Tap into children's curiosity by having them record and share key details found in nonfiction texts! This lesson can be used alone or with the Nonfiction Reading: Learning and Recording New Information lesson plan.
Kids will love learning some fun facts about elephants while developing their reading comprehension skills. Using T-charts and Venn diagrams, they'll analyze stories and explore different characteristics of fiction and nonfiction.
ELs will gain valuable practice learning about text features as they practice close reading and communication skills during a nonfiction picture walk. Use on its own or as a support for the Classifying Nonfiction Text Features lesson plan.
Let's get reading! In this lesson, students will identify the main idea and details of a nonfiction text. Use this on its own or as support for the lesson Connecting the Coasts: Effects of the Transcontinental Railroad.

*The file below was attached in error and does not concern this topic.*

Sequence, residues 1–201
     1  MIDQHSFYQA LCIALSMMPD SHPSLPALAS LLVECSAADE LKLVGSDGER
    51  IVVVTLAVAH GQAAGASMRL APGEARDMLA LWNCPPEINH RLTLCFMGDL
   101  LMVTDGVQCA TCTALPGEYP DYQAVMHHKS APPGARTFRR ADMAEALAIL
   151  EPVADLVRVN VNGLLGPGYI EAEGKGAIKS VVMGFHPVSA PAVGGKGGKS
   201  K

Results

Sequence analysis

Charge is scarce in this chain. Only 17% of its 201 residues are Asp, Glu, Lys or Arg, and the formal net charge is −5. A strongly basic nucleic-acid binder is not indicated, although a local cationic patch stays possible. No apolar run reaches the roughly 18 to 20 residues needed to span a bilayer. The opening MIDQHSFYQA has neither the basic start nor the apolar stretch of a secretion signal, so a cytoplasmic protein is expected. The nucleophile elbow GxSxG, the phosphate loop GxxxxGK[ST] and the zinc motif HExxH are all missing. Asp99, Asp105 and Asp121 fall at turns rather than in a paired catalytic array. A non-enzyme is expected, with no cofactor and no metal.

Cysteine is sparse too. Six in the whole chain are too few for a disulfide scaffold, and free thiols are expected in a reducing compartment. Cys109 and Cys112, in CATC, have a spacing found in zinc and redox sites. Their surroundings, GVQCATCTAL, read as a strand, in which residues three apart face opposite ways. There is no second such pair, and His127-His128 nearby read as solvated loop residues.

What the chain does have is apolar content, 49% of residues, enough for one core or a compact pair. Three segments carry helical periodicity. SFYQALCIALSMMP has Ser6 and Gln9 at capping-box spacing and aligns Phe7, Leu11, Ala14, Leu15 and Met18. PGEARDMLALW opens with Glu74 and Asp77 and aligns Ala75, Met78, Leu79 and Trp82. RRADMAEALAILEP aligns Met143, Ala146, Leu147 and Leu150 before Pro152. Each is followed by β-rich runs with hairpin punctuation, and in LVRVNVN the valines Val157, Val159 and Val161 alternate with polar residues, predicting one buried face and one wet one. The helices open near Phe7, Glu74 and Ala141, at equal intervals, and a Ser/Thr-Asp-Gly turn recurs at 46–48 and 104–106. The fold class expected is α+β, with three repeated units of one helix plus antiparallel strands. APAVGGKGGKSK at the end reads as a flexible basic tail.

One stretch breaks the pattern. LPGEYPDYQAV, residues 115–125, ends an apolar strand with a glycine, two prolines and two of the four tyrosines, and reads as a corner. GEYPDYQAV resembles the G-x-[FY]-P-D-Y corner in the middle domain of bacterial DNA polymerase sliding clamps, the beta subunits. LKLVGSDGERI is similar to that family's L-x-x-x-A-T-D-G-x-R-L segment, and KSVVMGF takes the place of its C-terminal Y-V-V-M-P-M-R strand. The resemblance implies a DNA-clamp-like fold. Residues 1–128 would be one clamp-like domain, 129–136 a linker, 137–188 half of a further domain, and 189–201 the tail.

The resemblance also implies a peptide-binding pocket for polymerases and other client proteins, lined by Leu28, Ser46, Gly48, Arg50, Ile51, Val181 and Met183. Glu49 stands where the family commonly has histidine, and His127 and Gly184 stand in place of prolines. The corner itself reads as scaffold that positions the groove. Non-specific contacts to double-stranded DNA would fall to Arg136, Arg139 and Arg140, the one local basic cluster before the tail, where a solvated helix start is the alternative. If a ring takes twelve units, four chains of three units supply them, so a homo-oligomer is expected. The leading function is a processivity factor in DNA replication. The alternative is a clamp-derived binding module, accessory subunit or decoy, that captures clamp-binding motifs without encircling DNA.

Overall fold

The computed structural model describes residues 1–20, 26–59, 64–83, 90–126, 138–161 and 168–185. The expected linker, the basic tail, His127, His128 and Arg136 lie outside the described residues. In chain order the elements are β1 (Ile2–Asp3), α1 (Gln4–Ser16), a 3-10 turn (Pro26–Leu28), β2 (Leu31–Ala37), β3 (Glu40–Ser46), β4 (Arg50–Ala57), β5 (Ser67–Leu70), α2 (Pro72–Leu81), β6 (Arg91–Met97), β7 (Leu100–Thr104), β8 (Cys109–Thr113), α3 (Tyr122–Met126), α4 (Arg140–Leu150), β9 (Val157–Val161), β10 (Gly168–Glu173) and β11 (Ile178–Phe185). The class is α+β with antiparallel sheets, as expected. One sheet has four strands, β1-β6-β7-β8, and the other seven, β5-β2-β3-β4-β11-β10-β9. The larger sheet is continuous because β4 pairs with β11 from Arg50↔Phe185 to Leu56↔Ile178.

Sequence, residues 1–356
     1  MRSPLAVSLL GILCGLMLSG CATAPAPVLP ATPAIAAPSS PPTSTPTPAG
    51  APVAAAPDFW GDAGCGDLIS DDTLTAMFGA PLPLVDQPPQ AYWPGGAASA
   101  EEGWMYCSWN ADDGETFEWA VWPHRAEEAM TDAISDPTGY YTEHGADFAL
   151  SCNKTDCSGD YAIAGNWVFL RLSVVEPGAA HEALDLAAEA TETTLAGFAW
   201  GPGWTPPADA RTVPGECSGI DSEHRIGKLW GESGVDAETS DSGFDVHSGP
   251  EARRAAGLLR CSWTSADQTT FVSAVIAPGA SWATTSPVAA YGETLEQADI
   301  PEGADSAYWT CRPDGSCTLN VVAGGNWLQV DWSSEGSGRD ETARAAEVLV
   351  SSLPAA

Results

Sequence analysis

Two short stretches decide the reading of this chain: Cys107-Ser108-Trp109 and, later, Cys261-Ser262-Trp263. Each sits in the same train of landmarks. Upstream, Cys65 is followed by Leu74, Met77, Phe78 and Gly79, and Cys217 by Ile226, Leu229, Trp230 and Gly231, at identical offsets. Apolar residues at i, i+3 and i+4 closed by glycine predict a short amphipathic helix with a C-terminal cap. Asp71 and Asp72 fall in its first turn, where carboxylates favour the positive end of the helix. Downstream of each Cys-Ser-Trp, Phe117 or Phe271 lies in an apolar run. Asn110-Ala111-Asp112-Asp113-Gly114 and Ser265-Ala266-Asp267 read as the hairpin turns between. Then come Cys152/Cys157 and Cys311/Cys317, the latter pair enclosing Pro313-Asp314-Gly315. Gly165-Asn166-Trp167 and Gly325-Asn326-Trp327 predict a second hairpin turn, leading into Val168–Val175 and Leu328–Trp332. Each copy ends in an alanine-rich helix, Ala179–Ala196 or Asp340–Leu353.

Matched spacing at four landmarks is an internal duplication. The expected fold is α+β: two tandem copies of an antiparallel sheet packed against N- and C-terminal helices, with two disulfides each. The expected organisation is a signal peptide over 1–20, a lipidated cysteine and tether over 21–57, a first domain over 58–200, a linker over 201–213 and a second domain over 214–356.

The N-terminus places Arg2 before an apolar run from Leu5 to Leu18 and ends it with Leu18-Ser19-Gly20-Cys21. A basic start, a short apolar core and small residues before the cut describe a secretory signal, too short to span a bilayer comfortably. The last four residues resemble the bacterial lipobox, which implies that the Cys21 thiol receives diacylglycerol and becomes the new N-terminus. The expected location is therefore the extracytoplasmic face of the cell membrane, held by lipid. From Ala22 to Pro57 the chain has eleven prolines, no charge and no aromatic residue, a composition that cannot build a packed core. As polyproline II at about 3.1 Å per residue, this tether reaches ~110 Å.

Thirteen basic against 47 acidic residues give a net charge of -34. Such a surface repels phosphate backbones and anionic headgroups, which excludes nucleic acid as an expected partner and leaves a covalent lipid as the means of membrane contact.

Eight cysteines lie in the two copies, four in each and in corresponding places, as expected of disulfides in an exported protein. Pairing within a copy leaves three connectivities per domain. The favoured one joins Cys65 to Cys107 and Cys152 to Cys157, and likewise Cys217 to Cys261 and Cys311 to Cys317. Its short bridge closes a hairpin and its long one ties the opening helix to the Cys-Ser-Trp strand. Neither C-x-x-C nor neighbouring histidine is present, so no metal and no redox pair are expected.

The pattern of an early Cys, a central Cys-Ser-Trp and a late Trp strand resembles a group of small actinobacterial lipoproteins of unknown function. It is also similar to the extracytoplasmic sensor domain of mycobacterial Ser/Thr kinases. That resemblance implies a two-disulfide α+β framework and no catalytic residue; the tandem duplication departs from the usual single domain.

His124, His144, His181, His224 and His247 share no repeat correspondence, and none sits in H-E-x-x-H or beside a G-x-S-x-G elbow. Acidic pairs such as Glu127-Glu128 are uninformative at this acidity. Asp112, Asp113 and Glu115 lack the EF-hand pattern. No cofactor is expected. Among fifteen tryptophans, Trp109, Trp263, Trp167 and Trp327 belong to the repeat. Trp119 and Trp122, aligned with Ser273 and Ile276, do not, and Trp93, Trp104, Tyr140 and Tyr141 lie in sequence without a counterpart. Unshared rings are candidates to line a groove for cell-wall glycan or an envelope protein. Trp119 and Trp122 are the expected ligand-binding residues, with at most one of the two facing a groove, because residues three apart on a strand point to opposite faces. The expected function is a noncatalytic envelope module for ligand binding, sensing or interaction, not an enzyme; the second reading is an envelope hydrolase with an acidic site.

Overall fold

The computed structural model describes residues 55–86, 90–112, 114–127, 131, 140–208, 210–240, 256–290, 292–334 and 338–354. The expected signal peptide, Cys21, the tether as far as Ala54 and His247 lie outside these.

In this lesson, your students will explore the library in search of various genres of nonfiction texts. Teach this lesson at the beginning of the year to familiarize your students with the structure and organization of the library.
Share the pen in this lesson on text features as you work together as a class to create a nonfiction big book. This lesson can be used alone or with the Studying Authors: Nonfiction Writing lesson plan.
Text formatting can add a lot of richness to how information is explained. In this lesson students will explore the organization of nonfiction texts and go on a scavenger hunt for different kinds of text formatting features.
Give your ELs concrete experience with adverbs and adverbial phrases as a tool to discover details in nonfiction texts. Use this as a stand-alone lesson or as support to the Hey! What's the Big Idea? lesson.
Understanding the big idea of a nonfiction text and being able to write a succinct summary are key fourth grade skills. This lesson focuses on summarizing a nonfiction passage in three to four sentences.
When students read nonfiction texts, they will need to make inferences using text features and quotes as evidence. Support your students using short texts as practice before diving into more complex materials like textbooks.